Weddings – the long and short of it

When you are a single child in a nuclear family, a lot of things are different and some you don’t realise until much later in life. The foremost thing is, you are in the company of adults way more than other kids around you. And that also means you are privy to a lot of adult conversations much earlier on.

Now don’t quote me here, because i clearly have no idea what it means to grow up with a sibling; and in my head, I imagine my parents might have likely said “D, go play with your sister” instead of letting me sit with the uncles and aunts, on all those balmy evenings in the backyard, when anecdotes and yesteryear stories would pour to lots of laughter, way into the night. It was by being a wallflower to many such wonderful conversations that I learnt about my utilitarian grand uncle who was a freedom fighter, of my aunt who had had enough of cops inquiring and declared her husband missing, my mama who blasted a man asking for directions at the tajamahal for being a guide; and of exactly many such absurd tales of yonder, i still quote and laugh with my parents, recalling them.

The stories flowed even when we didn’t have guests. And by the time I was in my early teens, i had heard and reheard, so much about my parents lives, it was comforting and discomfiting. Because now you start having opinions and they would prefer that you don’t.

Of one such is the tale of their wedding, which was dubbed “Paara-kalyanam” ( rock-wedding) in the family circles. I remember my mother saying it with a tinge of regret, but as the years rolled, it gave way to pride. To explain what it meant — my parents were married in Kanyakumari ( hence the paara meaning rock literally ). But it was added to figuratively mean “of no value”, jocularly.

Their wedding was expected to be a grandiose event, with every ritual followed to the T. And hence relatives had flown in all the way from America, entire families with kids ( In the 70s, i am sure this was a bigger deal ), to watch it unfold. But thanks to my dad, who had floored his father-in-law with his principles of keeping it simple; the wedding had been a very short affair, lasting about an hour and my mother didn’t even get to wear the ‘madisaar’ ( traditional 9 yard saree ). Since their handful of black and white pictures dont give away much, that even as i type this, I imagine everyone perched on a Rock in the sweltering heat, wondering why they had taken a 24 hour flight for something that lasted an hour! Or atleast that’s how the story was retold to me.

It was a source of inspiration for me, I must admit and I often declared to nobody in particular that I would only agree to a register marriage ( because kids must always one-up their parents , right? ), if I ever married that is. Well, life had other plans ( you can read about it here) and to put it lightly – I realised, I wasnt as verbose as my dad when it came to convincing the partner’s parents and didn’t belong to the right gender, when it came to having strong opinions that were readily heard. And hence it was a grand affair nonetheless; as if an antidote to my parents’.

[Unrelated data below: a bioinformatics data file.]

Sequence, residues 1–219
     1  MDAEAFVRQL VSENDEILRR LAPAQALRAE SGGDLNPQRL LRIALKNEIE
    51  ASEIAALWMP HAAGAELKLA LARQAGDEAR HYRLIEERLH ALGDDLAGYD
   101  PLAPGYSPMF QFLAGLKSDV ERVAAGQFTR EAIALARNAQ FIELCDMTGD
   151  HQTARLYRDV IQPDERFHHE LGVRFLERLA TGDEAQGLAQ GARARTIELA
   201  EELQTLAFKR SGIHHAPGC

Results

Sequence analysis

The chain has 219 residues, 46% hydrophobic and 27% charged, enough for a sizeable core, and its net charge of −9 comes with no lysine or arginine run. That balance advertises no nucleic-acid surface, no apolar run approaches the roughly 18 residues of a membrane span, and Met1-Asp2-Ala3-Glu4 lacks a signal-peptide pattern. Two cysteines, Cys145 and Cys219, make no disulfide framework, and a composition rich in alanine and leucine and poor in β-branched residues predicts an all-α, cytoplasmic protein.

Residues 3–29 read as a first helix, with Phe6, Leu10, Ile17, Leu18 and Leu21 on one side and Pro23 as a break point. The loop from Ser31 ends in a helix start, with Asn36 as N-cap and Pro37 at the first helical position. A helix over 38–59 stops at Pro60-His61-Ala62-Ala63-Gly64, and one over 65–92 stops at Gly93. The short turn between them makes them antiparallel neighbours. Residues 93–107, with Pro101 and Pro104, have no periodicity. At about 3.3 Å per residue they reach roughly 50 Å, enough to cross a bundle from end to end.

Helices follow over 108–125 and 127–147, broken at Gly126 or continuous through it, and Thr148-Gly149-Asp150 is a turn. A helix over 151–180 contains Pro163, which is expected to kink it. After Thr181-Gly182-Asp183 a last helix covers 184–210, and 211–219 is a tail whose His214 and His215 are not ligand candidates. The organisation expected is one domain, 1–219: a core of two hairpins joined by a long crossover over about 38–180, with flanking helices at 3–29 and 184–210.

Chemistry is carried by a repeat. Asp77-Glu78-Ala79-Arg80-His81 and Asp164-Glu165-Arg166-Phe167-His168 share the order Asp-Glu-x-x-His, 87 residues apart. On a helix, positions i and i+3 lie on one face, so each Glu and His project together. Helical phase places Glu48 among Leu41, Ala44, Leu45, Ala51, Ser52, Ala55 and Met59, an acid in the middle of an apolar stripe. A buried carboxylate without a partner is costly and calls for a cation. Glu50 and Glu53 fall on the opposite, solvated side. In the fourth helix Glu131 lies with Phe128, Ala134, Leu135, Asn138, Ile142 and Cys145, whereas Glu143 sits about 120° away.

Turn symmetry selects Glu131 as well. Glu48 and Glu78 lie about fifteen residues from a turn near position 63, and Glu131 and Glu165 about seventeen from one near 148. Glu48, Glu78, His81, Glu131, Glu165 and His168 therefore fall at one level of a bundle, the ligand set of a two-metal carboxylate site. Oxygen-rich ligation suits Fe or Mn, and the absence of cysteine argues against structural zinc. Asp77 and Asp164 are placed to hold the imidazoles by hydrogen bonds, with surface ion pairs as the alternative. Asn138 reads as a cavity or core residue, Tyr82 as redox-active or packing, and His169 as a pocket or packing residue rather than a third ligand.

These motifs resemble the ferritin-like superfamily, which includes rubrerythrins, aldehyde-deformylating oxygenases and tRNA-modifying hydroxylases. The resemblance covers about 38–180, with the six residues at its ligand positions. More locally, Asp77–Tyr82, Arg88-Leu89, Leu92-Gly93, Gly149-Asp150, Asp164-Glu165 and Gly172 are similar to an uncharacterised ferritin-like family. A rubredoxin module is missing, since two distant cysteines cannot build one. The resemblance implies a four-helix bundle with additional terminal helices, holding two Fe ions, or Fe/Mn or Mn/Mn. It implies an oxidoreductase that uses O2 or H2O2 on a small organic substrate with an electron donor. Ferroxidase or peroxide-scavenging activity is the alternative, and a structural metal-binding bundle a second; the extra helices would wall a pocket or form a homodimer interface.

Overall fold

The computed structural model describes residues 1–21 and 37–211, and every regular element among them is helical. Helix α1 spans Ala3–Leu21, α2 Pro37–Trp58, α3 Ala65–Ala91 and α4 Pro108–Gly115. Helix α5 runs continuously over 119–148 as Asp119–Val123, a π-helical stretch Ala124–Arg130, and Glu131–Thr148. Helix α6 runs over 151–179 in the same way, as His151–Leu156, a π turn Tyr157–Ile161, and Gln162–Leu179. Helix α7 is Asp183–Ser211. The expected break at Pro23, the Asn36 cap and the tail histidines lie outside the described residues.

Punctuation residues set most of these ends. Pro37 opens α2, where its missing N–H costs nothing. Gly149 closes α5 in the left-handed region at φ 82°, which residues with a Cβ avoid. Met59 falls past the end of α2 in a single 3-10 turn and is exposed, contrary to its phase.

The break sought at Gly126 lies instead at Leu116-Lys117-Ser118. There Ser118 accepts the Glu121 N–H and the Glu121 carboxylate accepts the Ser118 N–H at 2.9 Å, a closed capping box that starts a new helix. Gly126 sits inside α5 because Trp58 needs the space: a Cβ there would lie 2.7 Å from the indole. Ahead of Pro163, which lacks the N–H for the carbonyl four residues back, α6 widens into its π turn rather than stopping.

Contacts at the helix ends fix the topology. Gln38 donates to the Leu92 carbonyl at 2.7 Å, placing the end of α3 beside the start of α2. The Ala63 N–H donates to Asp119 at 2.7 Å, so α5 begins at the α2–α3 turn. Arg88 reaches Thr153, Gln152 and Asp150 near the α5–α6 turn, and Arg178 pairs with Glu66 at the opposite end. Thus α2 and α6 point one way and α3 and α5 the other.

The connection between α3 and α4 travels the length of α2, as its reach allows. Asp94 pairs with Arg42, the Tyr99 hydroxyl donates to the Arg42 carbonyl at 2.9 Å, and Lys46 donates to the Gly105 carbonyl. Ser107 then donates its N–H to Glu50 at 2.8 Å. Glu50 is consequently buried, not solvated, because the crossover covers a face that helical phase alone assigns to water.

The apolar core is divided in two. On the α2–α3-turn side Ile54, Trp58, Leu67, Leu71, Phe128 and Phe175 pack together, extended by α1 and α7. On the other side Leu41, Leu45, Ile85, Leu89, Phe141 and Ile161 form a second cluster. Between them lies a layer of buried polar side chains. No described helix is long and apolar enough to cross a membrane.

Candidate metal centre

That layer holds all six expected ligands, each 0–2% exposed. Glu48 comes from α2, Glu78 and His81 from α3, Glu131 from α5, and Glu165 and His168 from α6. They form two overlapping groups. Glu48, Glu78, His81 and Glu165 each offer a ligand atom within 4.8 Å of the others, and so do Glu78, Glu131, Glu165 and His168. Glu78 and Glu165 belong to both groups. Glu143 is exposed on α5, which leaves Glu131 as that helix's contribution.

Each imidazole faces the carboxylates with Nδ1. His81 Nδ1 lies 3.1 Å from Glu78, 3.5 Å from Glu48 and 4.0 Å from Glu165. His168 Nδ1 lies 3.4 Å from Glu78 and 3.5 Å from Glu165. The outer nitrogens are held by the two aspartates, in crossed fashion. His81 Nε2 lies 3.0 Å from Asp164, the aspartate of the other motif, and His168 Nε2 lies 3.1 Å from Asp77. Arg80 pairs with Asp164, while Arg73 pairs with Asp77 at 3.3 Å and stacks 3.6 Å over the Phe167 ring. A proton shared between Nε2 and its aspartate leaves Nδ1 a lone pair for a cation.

My inlaws had planned and executed the wedding completely on their own, yet keeping in mind how to make every event well represented, so that the bride and groom’s sides were equally happy to participate; and it had turned out to the scale of something my side of the family had never witnessed before ( almost 2000 people, live streaming TVs, 4 days of grand feasts ). And just like that the “paara-kalyanam” had retreated into oblivion. My dad, being the eternal optimist, I may never really find out if he felt he was cornered to betray his “keeping it simple” principle!

These tales and events had come flooding back to me, over the last few weeks, when I was forced to close my twitter feeds for days, to stay away from celebrity wedding news, that had overwhelmed me and disinterested me to no end. Not that I care what they do with their money, I was just recoiled into the hard realization that, the more India opened up to accepting cultures and religions to blend into nuptials, the grander the weddings have gotten. My own wedding being a case in point. Or probably, just my ignorance that this has been steadily happening forever! And also may be, because, I had not given up the Utopian idea of that “alaipayuthe” style “register marriage”, in the presence of parents.

As we almost near the 11 year mark, and nearly 13 years of knowing each other; my MIL still quips and tears up at the same time, remembering it as the first day her son held my hand during the “love-but-mostly-arranged” wedding. My reactions have changed over the years from eye-roll to awkward smiles to now scheming if I should add those perfect oxymoron lines as the ending, if and when I narrate our tales to my kids!!